A new study by scientists at the University of Kansas has found that a smile on your face – especially a genuine one using both mouth and eye muscles – may help lower heart rate after stressful activities.
The new study, led by Sarah D. Pressman, Ph.D., the Beatrice Wright Assistant Professor of Psychology, and Tara Kraft, M.A., a graduate student in clinical psychology, both at the University of Kansas, will be published in a forthcoming issue of Psychological Science, a journal of the Association for Psychological Science (APS), according to a press release issued by the Association on July 30.
“Age old adages, such as ‘grin and bear it’ have suggested smiling to be not only an important nonverbal indicator of happiness but also wishfully promotes smiling as a panacea for life’s stressful events,” Ms. Kraft said in the release. “We wanted to examine whether these adages had scientific merit; whether smiling could have real health-relevant benefits.”
“Previous research shows that positive emotions can help during times of stress and that smiling can affect emotion; however, the work of Kraft and Pressman is the first of its kind to experimentally manipulate the types of smiles people make in order to examine the effects of smiling on stress,” the Association for Psychological Science (APS) said in its release.
The Study; Method
For the study, the researchers divided 169 college-aged men and women into three groups. One group was trained to hold chopsticks in their mouths in a way that caused the facial muscles to be in a neutral facial expression. The second group was taught to hold the chopsticks in their mouths in a way that would mimic a standard smile (involving only muscles around the mouth). The third group was taught to hold the chopsticks in their mouths in a way that engaged facial muscles and eye muscles used to create a genuine or “Duchenne smile” (one that uses muscles both in the mouth and the eyes).
Half of those holding chopsticks in ways that produced smiles were told that the facial expression was “kind of like a smile.” The rest of the subjects were told just to hold the chopsticks in the instructed position.
Then, while holding the chopsticks in their mouths in the positions instructed, the participants were asked to perform tasks designed to approximate stressful activities — such as submerging their hand in a bucket of ice water or tracing a star using their non-dominant hand by looking at a reflection of the star in a mirror. The subjects were told they would be taking part in multi-tasking activities. They did not know that the tasks were designed to simulate stressful situations.
The participant’s heart rates were recorded, along with their self-reported stress levels, during and after performing the designated tasks. Their blood pressure was also monitored during and after the tasks.
The researchers found that the participants who held the chopsticks in a smile position, particularly those who held a genuine or Duchenne smile, had lower heart rates after a recovery period following the stressful activities than those who held neutral expressions.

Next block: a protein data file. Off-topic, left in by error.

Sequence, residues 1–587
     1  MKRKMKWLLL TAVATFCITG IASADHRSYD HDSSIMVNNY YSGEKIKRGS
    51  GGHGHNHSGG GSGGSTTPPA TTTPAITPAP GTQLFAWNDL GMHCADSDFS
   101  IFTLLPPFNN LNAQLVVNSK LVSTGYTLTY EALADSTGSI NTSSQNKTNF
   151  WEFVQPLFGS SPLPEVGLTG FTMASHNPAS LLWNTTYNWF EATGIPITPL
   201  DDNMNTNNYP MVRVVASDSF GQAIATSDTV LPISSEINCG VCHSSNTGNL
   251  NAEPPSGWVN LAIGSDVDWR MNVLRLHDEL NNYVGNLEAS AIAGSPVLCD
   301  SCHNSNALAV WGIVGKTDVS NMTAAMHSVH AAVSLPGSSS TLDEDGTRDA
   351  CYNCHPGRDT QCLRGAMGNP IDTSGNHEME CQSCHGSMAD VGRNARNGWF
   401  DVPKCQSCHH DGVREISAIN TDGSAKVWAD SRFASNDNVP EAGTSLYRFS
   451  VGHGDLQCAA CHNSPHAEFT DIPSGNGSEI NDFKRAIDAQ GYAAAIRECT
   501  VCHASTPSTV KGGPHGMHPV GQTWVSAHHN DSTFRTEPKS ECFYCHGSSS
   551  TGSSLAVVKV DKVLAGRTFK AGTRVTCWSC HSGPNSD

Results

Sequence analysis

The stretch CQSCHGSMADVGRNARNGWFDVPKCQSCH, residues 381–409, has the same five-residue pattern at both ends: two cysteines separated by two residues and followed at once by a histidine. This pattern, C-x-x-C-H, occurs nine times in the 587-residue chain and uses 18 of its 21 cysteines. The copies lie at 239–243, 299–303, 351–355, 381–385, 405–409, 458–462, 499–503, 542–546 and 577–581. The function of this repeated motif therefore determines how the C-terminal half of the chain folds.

Those who were expressly told that they were supposed to be smiling had an even slightly lower heart rate after the stressful activities than those who held the chopsticks in a manner that forced them to smile, but were not explicitly told to smile.
Dr. Pressman, the study’s co-author, told CBS HealthPop that lower blood pressure was also observed in general, but not in every case. The blood pressure measurements showed similar results in being lower on average, but the difference was not statistically significant.
“These findings show that smiling during brief stressors can help to reduce the intensity of the body’s stress response, regardless of whether a person actually feels happy,” the Association for Psychological Science concludes in its release about the study. “The results of the study suggest that smiling may actually influence our physical state.”
“This is not going to cure you if you have chronic stress or a major life event like a tornado,” Dr. Pressman, the co-author of the study, told CBS HealthPop. “But, it’s almost impossible to be really angry or really stressed with this big smile on your face…. You can’t help but reduce that negative effect.”
“The next time you are stuck in traffic or are experiencing some other type of stress,” says Dr. Pressman, “you might try to hold your face in a smile for a moment. Not only will it help you ‘grin and bear it’ psychologically, but it might actually help your heart health as well!”
Other studies, and experts including the Mayo Clinic, also advocate laughter to relieve stress.
For a copy of the new study report, “Grin and Bear It: The Influence of Manipulated Positive Facial Expression on the Stress Response,” which is to appear in the Association of Psychological Science (APS) journal Psychological Science, APS invites you to contact Anna Mikulak at firstname.lastname@example.org. For more information about the new study, the APS suggests contacting the authors: Tara Kraft at email@example.com or Sarah Pressman at firstname.lastname@example.org.
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